KS: As I started working on my recent book,  ‘From Soup to Superstar’, my original idea was to put down information from books, documents and my own experience in the field over the last ten or fifteen years. But between doing historical research – by looking through archives – and talking to people, I thought that talking to people would be more fun, and in the last few weeks I’ve discovered that it’s a really nice way to go about this. So why did someone like you get into turtle walks? Who else was there? What was the scene like back in the 1970s?

AM: I think I was teaching at KFI [Krishnamurti Foundation India, school] at that time, when we started in Poes Garden. I was a wildlife buff and had been going to sanctuaries like Mudumalai and Bandipur since my childhood. We used to do quite a bit of bird watching at that time. I really don’t remember how I went to Snake Park, but I had that natural kind of fear for snakes and lizards and all that, so I told myself I had to get over it somehow or the other.

KS: So, who did you go bird watching with?

AM: With a friend of mine, Arathi, who was also teaching in KFI. And at Theosophical Society, we used to go with Siddharth Buch. We used to cycle up and go birding there or Guindy Park, and sometimes we used to take the kids also. I don’t know exactly how I went to Snake Park, but I landed up there one day and spoke to Rom and said, “You know, I’d like to volunteer.” I didn’t know Rom before that, so it was only then that I got to know him. He said, ‘Yeah, come by,” and we did all the handling of the snakes (and that kind of thing). It was quite awful, I don’t know why (laughs), but somehow, I got over the fear then. The turtle project was ongoing at that time and Rom was doing some of that, along with Valliappan. There was another guy, I think it was Basu, he did some study on gharials…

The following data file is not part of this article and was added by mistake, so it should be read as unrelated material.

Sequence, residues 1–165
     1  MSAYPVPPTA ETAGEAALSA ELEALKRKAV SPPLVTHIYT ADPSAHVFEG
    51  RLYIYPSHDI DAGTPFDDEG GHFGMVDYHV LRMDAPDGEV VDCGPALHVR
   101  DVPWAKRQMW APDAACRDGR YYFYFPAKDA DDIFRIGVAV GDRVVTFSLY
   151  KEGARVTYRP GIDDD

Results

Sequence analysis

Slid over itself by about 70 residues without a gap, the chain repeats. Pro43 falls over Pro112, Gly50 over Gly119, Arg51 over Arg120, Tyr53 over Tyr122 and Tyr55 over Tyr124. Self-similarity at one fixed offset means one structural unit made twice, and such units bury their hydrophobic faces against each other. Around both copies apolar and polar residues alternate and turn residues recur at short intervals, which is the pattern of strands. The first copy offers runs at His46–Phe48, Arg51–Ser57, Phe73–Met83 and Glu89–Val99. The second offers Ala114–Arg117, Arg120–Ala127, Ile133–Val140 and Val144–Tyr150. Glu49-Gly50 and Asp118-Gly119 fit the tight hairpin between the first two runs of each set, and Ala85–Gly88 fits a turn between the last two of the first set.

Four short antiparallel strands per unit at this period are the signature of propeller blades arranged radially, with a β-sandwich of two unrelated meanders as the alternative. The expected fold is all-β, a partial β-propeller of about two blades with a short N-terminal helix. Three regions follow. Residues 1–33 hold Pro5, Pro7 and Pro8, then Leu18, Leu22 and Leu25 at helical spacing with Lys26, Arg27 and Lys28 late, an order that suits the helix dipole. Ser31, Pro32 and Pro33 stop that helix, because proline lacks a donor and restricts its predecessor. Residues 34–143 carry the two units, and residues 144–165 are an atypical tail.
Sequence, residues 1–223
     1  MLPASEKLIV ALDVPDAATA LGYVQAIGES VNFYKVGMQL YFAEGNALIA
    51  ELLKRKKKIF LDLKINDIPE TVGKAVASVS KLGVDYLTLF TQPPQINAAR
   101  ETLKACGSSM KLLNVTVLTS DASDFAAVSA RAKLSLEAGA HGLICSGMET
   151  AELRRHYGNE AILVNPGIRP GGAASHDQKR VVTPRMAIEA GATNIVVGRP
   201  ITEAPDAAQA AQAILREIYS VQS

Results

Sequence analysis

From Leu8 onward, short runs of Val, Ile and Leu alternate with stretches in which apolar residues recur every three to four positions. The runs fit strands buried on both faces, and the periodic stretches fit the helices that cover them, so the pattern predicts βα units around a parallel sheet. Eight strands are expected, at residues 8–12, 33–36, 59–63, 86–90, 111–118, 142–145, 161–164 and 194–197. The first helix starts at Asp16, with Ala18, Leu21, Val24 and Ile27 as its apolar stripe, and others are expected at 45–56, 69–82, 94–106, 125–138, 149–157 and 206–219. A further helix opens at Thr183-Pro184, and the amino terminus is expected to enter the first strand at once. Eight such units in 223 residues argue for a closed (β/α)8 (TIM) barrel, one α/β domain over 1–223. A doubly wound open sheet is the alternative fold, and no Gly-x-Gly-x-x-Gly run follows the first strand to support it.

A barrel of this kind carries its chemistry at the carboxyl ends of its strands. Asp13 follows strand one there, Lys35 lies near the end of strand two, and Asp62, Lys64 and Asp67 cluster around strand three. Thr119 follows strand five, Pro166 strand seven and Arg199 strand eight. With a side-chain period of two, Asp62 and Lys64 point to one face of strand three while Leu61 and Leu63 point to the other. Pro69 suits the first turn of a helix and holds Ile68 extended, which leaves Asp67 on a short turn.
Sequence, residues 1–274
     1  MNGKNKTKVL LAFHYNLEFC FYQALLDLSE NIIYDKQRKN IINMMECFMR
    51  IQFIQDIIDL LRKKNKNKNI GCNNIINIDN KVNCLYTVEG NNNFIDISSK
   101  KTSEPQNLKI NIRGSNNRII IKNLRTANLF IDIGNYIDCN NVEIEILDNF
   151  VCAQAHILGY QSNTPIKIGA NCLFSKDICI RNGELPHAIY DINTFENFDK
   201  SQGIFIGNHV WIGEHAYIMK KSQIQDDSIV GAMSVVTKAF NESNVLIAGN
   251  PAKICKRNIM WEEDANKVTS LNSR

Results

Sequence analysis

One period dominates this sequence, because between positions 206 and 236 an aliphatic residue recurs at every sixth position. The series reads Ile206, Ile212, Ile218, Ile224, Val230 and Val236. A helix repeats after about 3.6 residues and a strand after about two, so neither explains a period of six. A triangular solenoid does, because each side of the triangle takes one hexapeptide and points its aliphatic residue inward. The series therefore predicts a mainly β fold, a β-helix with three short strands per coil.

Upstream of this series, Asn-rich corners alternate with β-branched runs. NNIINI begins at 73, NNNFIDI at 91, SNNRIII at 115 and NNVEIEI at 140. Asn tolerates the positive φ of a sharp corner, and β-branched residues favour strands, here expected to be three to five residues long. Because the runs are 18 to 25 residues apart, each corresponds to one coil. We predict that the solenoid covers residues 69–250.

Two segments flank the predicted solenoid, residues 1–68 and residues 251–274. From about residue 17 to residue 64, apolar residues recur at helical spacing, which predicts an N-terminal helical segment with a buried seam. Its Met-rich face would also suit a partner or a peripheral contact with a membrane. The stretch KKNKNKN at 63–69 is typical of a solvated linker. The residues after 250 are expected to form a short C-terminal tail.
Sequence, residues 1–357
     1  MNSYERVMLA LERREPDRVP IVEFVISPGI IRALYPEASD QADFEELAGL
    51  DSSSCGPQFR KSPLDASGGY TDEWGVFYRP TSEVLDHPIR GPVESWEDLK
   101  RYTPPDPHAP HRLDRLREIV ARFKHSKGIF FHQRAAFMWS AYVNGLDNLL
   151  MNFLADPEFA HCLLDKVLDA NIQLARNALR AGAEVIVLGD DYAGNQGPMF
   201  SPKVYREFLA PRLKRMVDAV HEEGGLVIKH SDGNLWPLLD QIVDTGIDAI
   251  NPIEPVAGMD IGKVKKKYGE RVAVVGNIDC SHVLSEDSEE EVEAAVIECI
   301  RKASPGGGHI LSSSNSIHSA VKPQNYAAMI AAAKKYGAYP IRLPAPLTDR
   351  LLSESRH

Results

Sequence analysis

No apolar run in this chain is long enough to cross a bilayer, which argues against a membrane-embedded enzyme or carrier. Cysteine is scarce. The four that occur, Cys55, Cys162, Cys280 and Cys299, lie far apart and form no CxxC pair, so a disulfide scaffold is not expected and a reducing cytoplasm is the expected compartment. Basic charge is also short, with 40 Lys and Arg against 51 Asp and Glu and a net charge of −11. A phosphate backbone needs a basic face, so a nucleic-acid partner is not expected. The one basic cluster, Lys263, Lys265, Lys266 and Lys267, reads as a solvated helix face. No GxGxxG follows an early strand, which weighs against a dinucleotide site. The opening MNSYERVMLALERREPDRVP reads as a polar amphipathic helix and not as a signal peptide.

KS: Oh, Basu. Dhruva Jyoti Basu.

AM: Yeah, he was there and a few others like Rom’s sister Nina, Priya and Anne Joseph who was looking after Snake Park.

KS: This is interesting. Most of the articles I’ve seen from that period say, “We also thank Anne Ahimaz’, or ‘Anne Joseph’’’, and she’s just mentioned here and there. But everybody I’ve talked to in the last few days has talked about how big a role she played, so I would never have known this from what’s been written down. So, it’s quite revealing actually. Please go on.

AM: Apart from handling snakes and cleaning up the tanks, one of the first few things I did after joining was improving the labels. We labelled everything, even the plants and trees – it was in quite a state. So we said, “Let’s label it so when visitors come, they can understand.” Meanwhile, the turtle project was being discussed, it had already started but wasn’t really public yet. It was more out of Rom’s personal interest in turtles. They were doing night walks and taking the nests to Jean Delouche’s place and burying them. When the hatchlings came out, some people used to go in the mornings to release them. The monitoring and recording of data was mostly done by Valli and Basu. Valli did most of the writing, naming, dating, and tagging for the nests.